Over the last two days we have been contemplating Michael Langford’s theatre analogy along with Lesson 151. Today’s workbook lesson looks at a difference between the theatre analogy and our experience with the world. In the theatre analogy, people are born in a theatre and mesmerized by the film, but they have nothing to do with creating the film. As today’s workbook lesson points out, we are each “co-creator of the universe.”
Today’s lesson begins, “No one can suffer loss unless it be his own decision. No one suffers pain except his choice elects this state for him. No one can grieve nor fear nor think him sick unless these are the outcomes he wants. And no one dies without his own consent.” And it continues by saying, “And it is only here salvation is.”
Just like with Lesson 151, today’s lesson is clear that “what is false is false.” That which we co-create through the power of our decision is not true and it does not change truth. However, our decisions are the source of the illusion that we find ourselves so mesmerized with. We learned this when we studied and contemplated The Code.
Lesson 152 says, “Nothing occurs but represents your wish, … You may believe that this position is extreme, and too inclusive to be true.”
Over the next two days, we will look at this lesson in a very practical way. We will watch for decisions that we make that shape our individual experience. Many of these decisions seem unconscious until we watch for them, and then we see that they are made both consciously and repeatedly.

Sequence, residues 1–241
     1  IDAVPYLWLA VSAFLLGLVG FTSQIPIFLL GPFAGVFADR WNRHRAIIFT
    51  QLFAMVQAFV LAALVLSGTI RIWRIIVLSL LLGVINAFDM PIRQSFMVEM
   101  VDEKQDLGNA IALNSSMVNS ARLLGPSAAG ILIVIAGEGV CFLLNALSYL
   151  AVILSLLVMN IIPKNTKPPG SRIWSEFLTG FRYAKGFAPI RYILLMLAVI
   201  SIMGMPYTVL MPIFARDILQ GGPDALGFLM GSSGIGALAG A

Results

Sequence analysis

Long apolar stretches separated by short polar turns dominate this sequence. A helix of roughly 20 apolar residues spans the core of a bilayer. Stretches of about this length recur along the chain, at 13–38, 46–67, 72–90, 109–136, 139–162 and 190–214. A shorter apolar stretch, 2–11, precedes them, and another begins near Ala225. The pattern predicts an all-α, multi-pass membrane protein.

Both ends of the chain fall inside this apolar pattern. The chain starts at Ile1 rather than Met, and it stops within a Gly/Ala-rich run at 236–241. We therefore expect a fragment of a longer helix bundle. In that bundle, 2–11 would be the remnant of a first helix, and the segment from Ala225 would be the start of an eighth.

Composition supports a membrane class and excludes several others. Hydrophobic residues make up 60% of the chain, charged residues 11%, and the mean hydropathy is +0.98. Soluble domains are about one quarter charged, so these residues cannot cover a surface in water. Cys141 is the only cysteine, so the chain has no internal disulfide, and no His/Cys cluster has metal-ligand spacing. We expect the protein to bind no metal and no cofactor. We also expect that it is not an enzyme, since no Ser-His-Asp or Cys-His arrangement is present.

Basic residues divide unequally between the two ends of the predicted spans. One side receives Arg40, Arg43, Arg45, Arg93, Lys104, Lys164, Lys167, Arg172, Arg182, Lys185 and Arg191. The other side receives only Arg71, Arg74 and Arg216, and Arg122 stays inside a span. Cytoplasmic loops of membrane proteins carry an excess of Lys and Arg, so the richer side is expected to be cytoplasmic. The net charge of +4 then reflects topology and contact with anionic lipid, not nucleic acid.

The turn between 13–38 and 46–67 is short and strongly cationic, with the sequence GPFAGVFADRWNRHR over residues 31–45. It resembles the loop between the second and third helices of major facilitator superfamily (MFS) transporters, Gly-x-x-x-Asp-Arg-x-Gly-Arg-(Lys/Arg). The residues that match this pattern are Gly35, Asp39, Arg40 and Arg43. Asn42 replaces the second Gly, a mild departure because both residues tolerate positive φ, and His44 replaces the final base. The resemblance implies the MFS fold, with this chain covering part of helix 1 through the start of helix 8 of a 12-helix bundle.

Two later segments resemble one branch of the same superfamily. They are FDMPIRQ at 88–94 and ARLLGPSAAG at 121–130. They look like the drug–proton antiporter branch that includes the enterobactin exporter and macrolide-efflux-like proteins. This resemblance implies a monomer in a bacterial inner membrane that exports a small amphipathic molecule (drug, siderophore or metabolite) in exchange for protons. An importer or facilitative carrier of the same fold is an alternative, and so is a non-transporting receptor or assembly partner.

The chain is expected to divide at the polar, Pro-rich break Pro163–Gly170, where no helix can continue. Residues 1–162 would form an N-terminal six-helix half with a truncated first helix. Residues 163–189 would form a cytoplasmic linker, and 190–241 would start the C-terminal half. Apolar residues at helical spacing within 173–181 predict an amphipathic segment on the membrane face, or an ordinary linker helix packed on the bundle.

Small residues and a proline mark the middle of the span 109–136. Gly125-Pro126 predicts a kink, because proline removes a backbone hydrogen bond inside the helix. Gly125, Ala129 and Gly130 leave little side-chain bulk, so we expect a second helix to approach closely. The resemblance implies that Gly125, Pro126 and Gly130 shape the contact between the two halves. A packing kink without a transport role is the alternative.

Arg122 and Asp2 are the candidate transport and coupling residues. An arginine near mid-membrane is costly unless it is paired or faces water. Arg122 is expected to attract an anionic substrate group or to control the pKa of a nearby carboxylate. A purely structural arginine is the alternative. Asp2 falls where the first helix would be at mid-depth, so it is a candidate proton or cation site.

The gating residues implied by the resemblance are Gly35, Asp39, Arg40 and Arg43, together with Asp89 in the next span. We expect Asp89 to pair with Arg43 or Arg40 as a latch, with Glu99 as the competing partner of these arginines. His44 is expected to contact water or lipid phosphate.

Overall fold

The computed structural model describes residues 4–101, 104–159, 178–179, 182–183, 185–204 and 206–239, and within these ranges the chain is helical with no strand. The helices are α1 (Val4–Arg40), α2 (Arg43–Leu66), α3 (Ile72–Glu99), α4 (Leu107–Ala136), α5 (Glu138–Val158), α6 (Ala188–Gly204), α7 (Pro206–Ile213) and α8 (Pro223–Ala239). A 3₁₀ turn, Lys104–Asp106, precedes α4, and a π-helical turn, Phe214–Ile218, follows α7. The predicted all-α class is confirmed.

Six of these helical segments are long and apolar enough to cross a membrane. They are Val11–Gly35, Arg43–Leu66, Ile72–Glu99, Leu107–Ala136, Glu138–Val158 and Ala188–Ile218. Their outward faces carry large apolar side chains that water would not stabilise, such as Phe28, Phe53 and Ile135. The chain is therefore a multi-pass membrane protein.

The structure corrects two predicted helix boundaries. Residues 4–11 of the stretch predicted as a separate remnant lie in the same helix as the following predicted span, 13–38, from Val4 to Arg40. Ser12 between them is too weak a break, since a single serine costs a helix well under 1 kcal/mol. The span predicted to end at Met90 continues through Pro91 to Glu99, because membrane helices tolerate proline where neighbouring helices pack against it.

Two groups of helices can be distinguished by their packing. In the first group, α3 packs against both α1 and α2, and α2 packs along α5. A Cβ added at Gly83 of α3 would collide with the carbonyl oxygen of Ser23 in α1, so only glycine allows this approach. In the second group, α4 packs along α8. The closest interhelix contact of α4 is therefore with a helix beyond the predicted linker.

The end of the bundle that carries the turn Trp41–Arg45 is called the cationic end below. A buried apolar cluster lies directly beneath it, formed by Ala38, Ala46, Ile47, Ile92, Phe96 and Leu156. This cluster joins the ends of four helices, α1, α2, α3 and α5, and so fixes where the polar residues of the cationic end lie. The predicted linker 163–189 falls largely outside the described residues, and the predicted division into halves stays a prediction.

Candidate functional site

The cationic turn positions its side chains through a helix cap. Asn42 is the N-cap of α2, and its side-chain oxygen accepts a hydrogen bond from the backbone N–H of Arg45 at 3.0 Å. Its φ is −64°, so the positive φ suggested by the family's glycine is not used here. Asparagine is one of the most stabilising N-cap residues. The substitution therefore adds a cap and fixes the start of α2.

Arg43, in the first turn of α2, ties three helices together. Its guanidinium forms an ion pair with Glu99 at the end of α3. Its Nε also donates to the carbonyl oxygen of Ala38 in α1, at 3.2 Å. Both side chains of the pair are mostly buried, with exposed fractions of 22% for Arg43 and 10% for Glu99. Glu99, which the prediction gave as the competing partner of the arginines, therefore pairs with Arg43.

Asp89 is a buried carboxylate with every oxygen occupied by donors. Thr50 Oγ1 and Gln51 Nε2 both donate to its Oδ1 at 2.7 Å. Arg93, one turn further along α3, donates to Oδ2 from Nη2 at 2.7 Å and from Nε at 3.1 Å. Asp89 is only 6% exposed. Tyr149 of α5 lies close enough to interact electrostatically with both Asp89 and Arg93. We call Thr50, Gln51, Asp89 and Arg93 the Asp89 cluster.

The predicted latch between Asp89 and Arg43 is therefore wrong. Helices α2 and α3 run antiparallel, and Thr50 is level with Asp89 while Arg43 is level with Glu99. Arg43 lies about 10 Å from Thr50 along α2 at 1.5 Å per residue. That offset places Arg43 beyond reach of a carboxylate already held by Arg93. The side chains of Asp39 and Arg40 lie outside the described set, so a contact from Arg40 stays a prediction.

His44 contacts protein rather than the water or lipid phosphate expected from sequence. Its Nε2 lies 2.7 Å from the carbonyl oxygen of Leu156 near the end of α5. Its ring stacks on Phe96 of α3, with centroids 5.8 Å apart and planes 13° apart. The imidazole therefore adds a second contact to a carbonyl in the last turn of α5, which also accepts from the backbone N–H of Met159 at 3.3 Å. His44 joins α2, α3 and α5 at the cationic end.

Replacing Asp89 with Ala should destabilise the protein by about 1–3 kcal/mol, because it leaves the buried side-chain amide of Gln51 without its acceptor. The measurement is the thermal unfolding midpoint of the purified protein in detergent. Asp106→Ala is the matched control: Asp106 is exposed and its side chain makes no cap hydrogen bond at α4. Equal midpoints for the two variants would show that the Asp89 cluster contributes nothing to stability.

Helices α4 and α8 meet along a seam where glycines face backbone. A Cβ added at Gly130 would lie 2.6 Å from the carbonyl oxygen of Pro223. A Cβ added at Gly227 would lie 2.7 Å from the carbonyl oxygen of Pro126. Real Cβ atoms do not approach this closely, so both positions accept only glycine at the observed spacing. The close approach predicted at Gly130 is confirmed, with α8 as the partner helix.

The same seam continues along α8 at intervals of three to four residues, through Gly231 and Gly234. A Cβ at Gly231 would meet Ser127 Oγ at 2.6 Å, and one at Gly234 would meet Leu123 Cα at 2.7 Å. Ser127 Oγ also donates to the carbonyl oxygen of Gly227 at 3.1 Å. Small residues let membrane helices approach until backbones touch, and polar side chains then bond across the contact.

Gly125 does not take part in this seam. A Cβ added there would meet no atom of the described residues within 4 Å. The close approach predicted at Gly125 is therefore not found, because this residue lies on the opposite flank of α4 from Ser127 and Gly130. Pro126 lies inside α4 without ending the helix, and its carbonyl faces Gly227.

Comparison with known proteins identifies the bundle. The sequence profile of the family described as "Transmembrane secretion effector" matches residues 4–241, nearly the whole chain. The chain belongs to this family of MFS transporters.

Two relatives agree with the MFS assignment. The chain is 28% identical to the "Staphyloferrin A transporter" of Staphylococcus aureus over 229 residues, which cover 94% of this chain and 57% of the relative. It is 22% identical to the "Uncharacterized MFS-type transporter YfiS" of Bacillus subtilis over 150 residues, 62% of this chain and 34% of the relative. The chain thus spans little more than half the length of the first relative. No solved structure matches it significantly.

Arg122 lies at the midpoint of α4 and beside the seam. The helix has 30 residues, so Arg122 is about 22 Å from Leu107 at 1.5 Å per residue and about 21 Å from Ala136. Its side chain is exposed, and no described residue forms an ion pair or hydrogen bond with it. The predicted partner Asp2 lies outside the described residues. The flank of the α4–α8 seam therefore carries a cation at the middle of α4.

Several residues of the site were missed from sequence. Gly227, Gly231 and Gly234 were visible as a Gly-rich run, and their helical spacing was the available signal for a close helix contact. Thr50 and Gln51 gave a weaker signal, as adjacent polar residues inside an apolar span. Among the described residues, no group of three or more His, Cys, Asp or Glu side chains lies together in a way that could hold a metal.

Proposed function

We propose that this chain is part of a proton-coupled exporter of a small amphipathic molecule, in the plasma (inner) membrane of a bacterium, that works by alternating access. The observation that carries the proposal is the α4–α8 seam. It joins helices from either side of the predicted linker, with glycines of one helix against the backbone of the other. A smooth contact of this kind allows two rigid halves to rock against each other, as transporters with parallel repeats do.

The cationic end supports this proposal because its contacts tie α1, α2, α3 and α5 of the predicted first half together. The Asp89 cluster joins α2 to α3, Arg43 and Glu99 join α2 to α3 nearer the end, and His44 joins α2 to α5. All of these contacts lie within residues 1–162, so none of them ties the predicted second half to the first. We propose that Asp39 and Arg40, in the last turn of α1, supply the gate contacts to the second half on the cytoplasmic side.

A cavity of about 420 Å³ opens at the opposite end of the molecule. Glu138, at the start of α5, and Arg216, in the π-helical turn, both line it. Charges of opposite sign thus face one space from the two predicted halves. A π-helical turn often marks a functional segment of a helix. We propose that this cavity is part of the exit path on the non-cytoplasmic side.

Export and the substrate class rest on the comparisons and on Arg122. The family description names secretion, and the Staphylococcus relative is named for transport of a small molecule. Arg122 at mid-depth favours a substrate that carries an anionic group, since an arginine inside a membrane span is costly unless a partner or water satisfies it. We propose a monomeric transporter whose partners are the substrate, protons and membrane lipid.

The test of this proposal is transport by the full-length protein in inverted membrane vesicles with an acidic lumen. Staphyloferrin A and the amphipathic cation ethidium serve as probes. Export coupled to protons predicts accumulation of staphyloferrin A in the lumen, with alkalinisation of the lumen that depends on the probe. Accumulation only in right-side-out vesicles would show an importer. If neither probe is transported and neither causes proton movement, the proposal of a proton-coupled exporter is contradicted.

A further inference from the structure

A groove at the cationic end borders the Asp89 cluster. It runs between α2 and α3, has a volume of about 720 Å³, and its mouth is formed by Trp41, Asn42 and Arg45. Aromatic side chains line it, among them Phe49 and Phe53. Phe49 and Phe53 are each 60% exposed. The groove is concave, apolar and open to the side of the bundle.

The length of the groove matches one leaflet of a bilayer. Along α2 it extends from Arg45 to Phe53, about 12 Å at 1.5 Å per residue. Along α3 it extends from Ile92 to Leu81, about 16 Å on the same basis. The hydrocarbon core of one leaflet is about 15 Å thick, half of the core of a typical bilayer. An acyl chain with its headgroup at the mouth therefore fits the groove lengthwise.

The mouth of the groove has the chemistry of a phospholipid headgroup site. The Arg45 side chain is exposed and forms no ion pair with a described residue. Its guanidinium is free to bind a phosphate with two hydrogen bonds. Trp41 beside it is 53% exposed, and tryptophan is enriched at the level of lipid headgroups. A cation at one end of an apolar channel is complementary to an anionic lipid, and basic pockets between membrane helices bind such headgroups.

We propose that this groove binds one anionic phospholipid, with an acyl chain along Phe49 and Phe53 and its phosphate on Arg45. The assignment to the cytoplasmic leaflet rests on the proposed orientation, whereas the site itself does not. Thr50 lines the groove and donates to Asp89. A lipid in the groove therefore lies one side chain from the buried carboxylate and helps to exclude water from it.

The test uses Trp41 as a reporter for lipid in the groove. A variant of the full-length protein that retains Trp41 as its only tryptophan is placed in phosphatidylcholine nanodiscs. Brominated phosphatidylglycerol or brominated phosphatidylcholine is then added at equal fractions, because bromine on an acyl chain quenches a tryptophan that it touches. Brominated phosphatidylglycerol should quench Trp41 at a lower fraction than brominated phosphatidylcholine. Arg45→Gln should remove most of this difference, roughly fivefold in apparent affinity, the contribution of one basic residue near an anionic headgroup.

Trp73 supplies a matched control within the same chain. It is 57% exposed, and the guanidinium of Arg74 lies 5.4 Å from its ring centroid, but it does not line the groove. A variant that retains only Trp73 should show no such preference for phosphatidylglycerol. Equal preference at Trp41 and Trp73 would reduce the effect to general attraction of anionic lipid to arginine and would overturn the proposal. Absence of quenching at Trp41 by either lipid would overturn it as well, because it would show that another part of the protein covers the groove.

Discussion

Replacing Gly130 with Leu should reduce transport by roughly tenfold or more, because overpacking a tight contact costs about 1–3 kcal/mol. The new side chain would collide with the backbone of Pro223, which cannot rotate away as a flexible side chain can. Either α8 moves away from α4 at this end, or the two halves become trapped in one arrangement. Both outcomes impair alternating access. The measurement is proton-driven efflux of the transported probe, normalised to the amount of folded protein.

Here are few examples of the types of decisions you may see yourself make as you watch for the decisions that shape your experience.
I don’t want to do this.
I hate … (traffic, this heat, mean people, stupid people, myself, etc.)
I will never be able to …
I don’t have enough …
I’m tired of this.
He/she is … (annoying, wrong, stupid, lazy, etc.)
I’m so … (stupid, lazy, ugly, etc.)
I have too much to do.
They think … about me.
This situation is unacceptable.
I’ll be happy when I get …
I’ll be safe when I get …
I won’t ever … (understand this, be able to do this, get to go there, etc.)
No one ever pays attention to me.
This always happens to me.
This is too good; something bad is going to happen next.
This isn’t fair.
As you watch for the decisions you make, notice both the decisions and how those decisions affect your experience. Ask yourself, “If I made a different decision about this, how would my experience be different?” Look both at the circumstance and your emotional experience to see if you can find at least one way your experience would be different if you made a different decision.